Then in the 2012 draft, the Seahawks used their 15th overall pick to draft Bruce Irvin, a pick that was largely deemed to be a reach. He's a 6'3 DE who weighs 248 pounds. Sound familiar? Irvin went on to lead all rookies in sacks with eight.
This year, Seattle's defense ranks first in fewest points allowed, and fourth in fewest yards allowed. They have the third best passer rating on defense, too. Bryant and Clemons are a huge part of that, even though they were afterthoughts before Schneider and Carroll acquired them.
How Seattle approaches their D-line is but a small example on how to bring in players to play a specific system. Players like Julius Peppers who are 6'7 and can play the run and the pass, do not grow on trees. Not every team has a Sidney Crosby, or a Lionel Messi, or a LeBron James. When teams do not have the advantage of superstars that can make up for most other problems on the roster, they need to do other things. Build an identity, nail down a specific way of playing, identify the kinds of roles that you want each player to play, and then go out and acquire them.
In other words, judging all players evenly, whether by metrics or scouting reports or whatever, isn't always the best way to build a team. In fact, we have talked about this before here with the Phoenix Coyotes.
2- Highlight strengths, not weaknesses
- Pete Carroll
Often when people evaluate players, be it a prospect or a pro, the initial instinct is to bring up the players weaknesses first. What he has to do to be better, basically.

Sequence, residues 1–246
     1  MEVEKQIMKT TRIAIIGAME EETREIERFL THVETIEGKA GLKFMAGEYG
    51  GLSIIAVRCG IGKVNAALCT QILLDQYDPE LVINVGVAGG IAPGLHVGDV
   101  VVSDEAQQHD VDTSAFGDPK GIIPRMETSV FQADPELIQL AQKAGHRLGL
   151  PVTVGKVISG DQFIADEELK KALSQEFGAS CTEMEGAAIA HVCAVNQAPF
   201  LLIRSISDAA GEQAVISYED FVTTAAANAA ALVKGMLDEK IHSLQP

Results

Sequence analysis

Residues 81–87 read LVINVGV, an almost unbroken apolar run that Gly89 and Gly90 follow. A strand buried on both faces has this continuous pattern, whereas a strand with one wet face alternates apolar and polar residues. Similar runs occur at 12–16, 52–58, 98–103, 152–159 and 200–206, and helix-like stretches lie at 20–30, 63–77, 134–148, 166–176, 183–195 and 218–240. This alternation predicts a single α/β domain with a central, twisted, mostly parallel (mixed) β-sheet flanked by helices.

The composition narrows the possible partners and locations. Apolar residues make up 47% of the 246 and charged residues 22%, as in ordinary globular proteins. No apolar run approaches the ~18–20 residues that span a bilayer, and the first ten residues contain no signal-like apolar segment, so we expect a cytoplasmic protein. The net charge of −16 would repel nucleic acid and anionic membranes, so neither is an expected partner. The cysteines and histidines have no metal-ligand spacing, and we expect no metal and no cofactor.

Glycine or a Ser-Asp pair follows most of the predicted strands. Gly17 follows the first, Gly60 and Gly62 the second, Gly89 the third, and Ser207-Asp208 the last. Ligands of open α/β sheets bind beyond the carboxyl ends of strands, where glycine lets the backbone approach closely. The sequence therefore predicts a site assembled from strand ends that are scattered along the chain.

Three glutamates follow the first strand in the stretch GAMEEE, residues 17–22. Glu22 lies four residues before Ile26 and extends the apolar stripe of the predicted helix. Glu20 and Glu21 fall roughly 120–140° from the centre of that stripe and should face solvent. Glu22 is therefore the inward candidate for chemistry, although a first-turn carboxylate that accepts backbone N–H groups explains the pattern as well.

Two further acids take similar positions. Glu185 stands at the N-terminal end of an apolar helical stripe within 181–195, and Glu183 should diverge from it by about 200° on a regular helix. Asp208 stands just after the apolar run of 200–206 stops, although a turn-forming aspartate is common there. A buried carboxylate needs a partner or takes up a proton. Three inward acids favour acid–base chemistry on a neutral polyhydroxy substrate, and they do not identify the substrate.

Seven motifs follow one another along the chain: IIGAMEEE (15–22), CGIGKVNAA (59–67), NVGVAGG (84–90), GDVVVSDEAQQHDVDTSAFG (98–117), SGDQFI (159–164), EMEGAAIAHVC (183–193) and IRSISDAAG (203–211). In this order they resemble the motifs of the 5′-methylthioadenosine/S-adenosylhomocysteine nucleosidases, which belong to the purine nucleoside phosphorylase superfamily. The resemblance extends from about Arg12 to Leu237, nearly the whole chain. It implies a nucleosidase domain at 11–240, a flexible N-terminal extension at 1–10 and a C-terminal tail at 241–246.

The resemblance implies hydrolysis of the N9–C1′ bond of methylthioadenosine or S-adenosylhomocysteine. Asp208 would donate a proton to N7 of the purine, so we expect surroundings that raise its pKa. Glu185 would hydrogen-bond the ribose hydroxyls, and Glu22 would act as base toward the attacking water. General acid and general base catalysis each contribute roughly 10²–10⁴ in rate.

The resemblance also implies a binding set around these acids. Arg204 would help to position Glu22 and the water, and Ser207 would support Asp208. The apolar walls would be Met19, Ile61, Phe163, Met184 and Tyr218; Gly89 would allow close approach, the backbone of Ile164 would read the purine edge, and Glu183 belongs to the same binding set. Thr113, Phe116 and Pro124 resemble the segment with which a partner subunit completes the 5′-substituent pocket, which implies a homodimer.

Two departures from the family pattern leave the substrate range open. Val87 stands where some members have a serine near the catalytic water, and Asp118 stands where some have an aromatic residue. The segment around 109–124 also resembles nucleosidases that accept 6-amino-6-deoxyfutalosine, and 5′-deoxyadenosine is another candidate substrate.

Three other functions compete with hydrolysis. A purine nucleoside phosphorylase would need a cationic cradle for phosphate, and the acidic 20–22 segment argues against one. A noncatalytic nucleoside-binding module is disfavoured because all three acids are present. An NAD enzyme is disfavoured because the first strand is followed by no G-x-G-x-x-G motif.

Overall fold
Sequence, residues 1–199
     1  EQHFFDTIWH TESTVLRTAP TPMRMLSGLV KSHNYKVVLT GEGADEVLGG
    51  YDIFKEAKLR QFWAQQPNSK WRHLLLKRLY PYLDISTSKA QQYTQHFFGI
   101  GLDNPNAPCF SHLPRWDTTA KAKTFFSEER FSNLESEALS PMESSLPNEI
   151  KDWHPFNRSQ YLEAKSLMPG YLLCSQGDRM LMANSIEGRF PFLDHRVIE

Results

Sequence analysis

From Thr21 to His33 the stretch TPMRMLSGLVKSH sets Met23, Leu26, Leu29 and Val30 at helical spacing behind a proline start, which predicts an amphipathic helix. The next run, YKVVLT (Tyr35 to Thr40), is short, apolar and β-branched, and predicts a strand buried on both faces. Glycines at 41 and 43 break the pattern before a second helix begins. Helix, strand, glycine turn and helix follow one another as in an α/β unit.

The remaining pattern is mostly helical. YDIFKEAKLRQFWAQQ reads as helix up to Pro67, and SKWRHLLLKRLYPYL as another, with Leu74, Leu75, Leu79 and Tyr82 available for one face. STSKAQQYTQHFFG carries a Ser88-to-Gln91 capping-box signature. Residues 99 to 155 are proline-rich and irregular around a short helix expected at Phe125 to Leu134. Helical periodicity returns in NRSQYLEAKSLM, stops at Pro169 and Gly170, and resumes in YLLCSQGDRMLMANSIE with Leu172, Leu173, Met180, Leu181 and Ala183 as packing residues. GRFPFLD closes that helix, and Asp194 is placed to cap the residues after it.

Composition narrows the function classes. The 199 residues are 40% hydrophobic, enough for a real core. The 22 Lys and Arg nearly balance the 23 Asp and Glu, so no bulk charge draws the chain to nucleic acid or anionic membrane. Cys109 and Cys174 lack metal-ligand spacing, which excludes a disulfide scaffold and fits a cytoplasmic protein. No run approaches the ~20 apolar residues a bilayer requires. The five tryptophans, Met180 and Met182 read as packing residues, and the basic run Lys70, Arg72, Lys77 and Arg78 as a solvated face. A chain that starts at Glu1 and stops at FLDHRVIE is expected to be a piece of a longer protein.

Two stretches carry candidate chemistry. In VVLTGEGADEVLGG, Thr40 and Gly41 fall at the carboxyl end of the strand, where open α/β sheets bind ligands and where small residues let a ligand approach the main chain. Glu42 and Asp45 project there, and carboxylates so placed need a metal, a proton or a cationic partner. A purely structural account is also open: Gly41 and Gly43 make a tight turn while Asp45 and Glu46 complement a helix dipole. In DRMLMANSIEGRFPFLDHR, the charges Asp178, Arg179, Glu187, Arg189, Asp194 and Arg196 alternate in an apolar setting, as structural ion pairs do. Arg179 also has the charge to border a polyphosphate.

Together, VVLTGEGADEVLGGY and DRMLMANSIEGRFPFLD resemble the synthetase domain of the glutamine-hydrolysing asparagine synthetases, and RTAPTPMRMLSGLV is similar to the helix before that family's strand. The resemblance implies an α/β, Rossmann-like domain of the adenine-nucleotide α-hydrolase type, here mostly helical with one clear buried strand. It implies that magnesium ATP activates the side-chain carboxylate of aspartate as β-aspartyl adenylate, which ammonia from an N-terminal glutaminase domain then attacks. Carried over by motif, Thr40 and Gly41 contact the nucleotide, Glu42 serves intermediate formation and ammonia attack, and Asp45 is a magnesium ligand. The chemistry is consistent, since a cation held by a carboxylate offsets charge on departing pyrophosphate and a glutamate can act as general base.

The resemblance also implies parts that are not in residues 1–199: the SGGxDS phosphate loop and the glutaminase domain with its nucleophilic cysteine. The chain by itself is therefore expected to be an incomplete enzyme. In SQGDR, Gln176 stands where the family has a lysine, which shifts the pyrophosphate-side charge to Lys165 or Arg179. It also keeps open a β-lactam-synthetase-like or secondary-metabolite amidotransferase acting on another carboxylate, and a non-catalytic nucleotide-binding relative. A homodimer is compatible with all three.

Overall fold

That's fine. In fact, it's understandable. However, the first questions should really be, "what does he bring to the table? How does he help us?"
Much has been made of Seattle's rookie QB Russell Wilson. He was drafted in the third round this year after a 33TD, 4INT season in his only year in Wisconsin. He had a 72.8% completion rate, 3,175 passing yards, as well as 338 rushing yards and 6 more rushing TDs. In fact, he set an NCAA record with a 191.8 pass efficiency rating. By comparison, second overall pick and Heisman winner RG3 had 37TDs, 6INT, 72.3% completion rate, 4,293 yards, 699 rushing yards, and 10 more rushing TDs. Yes RG3 obviously had better numbers -he did win player of the year- but Wilson put up first round numbers.
|Seattle focused on Russell Wilson's strengths, not|
Yet he dropped to the 75th pick, and we all know why: He's 5'11.
In fact, draft "expert" Mel Kiper said that Wilson was a late-round draft pick at best, pointing out that of the 32 starting quarterbacks in the NFL, 28 were 6'2 or taller and none were under 6-feet.
It is said that some teams, in fact, would remove a player of that height from their draft board altogether. Former Dallas Cowboys executive Gil Brandt said you'd subtract 15 points off of Wilson's rating due to his height in his system.